Two years later, a black hole ate a star and belched out its remains.

 A distant black hole shredded a star in 2018 and two years later released a plume of plasma traveling at around 50% the speed of light - astronomers aren't sure why it took so long.

In this artist's illustration, a supermassive black hole spaghettifies and devours a star.  Science Communication Lab, DESY
In this artist's illustration, a supermassive black hole spaghettifies and devours a star.  Science Communication Lab, DESY

A black hole devoured a star and two years later let out a massive belch. Astronomers were surprised by the delay between the cosmic meal and the blast of plasma that followed, and they aren't sure why it took so long.

In 2018, astronomers discovered evidence of a tidal disruption event caused by a black hole more than 650 million light years away ripping apart a star. Then, in 2020, 2021, and 2022, another team of researchers led by Yvette Cendes at the Harvard-Smithsonian Center for Astrophysics in Massachusetts used several radio telescopes to take another look.

During tidal disruption events, the black hole's powerful gravity rips up a star that gets too close, and the star's remains are dragged into a halo of debris known as an accretion disc before falling into the black hole. Occasionally, shortly after the star is shredded, that disc blasts out a spray of material.

"The action usually takes place in the first few months," Cendes says. "Normally, when we observe a tidal disruption [in radio wavelengths], we see an outflow about 20% of the time in the first few months, and if you don't see anything, radio telescope time is precious, so you move on and look at new things."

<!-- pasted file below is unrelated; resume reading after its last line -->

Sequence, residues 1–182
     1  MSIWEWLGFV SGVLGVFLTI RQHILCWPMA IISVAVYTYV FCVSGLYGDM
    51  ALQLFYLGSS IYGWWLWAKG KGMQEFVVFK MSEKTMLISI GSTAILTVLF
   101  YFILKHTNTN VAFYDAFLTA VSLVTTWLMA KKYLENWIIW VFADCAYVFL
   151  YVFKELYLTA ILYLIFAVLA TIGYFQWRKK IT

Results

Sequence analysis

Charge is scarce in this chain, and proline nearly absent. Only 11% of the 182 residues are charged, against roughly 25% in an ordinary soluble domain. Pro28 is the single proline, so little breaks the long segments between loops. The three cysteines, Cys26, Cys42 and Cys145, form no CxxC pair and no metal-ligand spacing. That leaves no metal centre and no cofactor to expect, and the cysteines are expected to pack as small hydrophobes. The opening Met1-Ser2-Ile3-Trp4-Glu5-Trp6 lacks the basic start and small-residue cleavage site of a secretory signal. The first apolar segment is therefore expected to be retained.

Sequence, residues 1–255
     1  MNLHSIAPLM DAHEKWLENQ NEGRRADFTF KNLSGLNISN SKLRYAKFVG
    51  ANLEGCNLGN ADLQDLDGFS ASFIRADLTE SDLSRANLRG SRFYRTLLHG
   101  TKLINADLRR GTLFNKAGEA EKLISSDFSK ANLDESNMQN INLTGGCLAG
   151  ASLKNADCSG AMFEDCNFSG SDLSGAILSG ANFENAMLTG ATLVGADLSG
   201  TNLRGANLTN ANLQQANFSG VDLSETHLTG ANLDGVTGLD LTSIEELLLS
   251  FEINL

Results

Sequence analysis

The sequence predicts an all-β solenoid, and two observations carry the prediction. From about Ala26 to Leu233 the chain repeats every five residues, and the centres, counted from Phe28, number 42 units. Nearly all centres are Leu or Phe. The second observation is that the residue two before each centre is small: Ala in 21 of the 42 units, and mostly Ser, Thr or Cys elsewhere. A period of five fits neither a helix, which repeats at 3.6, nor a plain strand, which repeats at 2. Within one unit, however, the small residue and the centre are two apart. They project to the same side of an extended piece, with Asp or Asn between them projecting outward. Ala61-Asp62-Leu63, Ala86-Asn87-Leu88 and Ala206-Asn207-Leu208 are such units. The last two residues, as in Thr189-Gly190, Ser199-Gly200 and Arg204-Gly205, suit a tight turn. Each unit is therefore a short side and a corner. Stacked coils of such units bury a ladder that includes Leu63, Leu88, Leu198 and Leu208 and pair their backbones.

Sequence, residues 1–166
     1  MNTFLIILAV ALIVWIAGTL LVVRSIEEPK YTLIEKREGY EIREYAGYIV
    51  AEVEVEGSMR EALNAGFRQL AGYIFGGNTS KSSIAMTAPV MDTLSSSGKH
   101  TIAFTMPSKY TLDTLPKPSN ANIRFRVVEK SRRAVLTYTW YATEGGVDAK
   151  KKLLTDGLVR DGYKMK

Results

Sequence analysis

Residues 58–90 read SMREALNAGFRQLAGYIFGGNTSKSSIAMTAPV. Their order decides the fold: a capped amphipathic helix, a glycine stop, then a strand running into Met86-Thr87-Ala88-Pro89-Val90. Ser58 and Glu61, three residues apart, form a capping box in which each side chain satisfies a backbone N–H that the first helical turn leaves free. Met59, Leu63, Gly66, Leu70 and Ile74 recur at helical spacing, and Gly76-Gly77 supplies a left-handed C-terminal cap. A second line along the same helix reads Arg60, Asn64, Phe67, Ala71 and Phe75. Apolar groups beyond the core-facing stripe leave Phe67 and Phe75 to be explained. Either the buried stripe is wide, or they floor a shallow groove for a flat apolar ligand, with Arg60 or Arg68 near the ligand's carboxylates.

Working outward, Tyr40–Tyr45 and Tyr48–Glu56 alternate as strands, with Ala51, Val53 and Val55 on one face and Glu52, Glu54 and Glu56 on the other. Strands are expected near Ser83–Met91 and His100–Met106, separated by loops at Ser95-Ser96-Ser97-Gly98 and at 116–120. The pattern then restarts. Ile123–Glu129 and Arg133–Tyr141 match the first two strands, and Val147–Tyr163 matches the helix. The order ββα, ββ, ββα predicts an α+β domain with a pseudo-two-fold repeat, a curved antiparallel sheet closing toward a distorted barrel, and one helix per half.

Observing later paid off in this case. Approximately two years after the tidal disruption event, an extremely bright plume of material began to blast away from the black hole at speeds up to half the speed of light. According to Cendes, the black hole almost certainly did not consume any other stars or eject any other material in the intervening time. If it had, observations from telescopes capable of viewing large areas of the sky at once would have detected it.

We have no idea why this belch was so late, she says. There are a few possible explanations, most of which have to do with the accretion disc's properties, but none of them quite fit. Cendes believes that determining what happened is especially important because these delayed outbursts could be occurring all over the universe.

"This was one of about two dozen events we observed, and so far, it appears that delayed outflows like this may be more common than we expected," Cendes says.

The Astrophysical Journal, DOI: 10.3847/1538-4357/ac88d0


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